That's why my initial response to PIRS - extreme caution, bordering on skepticism - might at first blush appear counterintuitive, but bear with me. Let's accept the premise for the time being that the federal government should be involved in ranking universities, even though my belief is that such evaluations are properly the work of accreditation and peer review. But if we accept that premise, every university should just have its own balanced scorecard of performance measures that reflect its mission and be evaluated accordingly.
Ranking systems inherently tend toward "one size fits all" and that's precisely the problem. PIRS cannot work well for all universities because there's a diversity of missions among various institutions. Indeed, it's impossible to evaluate complex institutions fairly on the basis of only a few metrics -- graduation rate, loan default rates, etc. And once the system begins to measure average earnings of graduates, does it pay to study at this university, and so on, we're fundamentally neglecting other kinds of learning - life-changing kinds of learning -- that occur inside and outside the classroom.
In purely economic terms, all the data confirms that a college education is worth more today than it was a generation ago, and that the financial gap between those with and without degrees is widening. A case can be made that a college education is a public good, which can quickly lead to questions about declining government support for higher education. My hunch is that many colleges do not want education to be measured as a private good, in which case return on investment would actually be an appropriate measure. In my view, PIRS ought not to be viewed that narrowly.
In her book Not for Profit: Why Democracy Needs the Humanities, University of Chicago Professor Martha C. Nussbaum wrote: "Without people with a liberal arts background, the world would be filled with narrow, technically trained workers, rather than complete citizens who can think for themselves, criticize tradition and authority, and understand the significance of another person's sufferings and achievements." I agree with Prof. Nussbaum. The study of history and culture imparts the ability to approach global issues as a citizen of the world. The study of philosophy teaches the critical thinking skills that help us reason about our choices. Participation in the creative arts fosters an empathetic capacity and allows us to imagine the challenges facing someone unlike ourselves.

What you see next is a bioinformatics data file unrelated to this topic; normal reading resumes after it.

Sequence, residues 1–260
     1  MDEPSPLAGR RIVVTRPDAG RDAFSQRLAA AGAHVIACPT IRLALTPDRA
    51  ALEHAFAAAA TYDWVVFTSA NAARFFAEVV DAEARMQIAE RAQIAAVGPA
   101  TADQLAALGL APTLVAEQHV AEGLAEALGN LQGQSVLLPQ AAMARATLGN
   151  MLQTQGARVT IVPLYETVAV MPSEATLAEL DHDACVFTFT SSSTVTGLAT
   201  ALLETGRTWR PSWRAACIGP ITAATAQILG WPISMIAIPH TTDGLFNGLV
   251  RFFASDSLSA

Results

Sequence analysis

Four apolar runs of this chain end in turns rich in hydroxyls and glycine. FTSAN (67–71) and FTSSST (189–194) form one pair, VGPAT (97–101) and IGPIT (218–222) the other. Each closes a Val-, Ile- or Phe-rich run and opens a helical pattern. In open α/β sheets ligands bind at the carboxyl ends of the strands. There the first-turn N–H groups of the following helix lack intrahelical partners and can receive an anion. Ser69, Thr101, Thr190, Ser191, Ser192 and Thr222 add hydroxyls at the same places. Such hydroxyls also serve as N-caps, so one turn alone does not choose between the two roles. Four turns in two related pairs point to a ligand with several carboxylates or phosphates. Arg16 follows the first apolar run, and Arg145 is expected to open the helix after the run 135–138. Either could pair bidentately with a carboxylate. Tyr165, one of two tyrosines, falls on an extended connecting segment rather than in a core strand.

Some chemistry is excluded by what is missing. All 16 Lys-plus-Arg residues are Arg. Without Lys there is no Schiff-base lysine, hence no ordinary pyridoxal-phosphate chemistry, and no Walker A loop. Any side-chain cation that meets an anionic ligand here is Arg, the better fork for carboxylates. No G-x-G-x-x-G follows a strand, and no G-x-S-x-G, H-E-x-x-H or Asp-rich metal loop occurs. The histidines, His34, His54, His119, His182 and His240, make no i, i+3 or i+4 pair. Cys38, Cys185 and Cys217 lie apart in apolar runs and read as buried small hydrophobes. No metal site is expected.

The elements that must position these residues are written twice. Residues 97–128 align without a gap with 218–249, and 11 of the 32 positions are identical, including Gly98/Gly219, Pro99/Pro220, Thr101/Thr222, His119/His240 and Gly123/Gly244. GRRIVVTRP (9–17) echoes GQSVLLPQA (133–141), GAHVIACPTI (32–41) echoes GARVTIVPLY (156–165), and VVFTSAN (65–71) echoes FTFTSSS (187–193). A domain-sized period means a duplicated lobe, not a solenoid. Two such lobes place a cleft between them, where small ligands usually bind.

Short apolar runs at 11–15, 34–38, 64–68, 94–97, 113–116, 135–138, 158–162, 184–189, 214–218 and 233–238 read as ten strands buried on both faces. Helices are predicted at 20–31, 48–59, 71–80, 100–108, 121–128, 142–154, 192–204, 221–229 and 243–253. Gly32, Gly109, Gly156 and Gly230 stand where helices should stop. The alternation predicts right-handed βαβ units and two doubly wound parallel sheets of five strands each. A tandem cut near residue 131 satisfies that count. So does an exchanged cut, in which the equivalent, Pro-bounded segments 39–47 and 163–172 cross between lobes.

President Obama's plan is well intended, but virtually any measurement system the Administration or the Department of Education devises is likely to be deeply flawed. At bottom, colleges must be measured qualitatively as well as quantitatively, but the former introduces subjectivity into the mix. Will that fly?
The college admissions process does an admirable job of blending objective data with considered judgments by experienced gatekeepers. That system has evolved over time, through trial and error; even with the Common App, institutions have a great deal of latitude in assembling their cohorts. The college admissions process is both art and science. Could PIRS be implemented in a similar fashion? Will the Administration permit space for subjectivity and for the idiosyncratic nature of each institution?
How we resolve the issues around PIRS will tell us a great deal about our collective values and about whether we understand "best value" in the very largest sense of the term.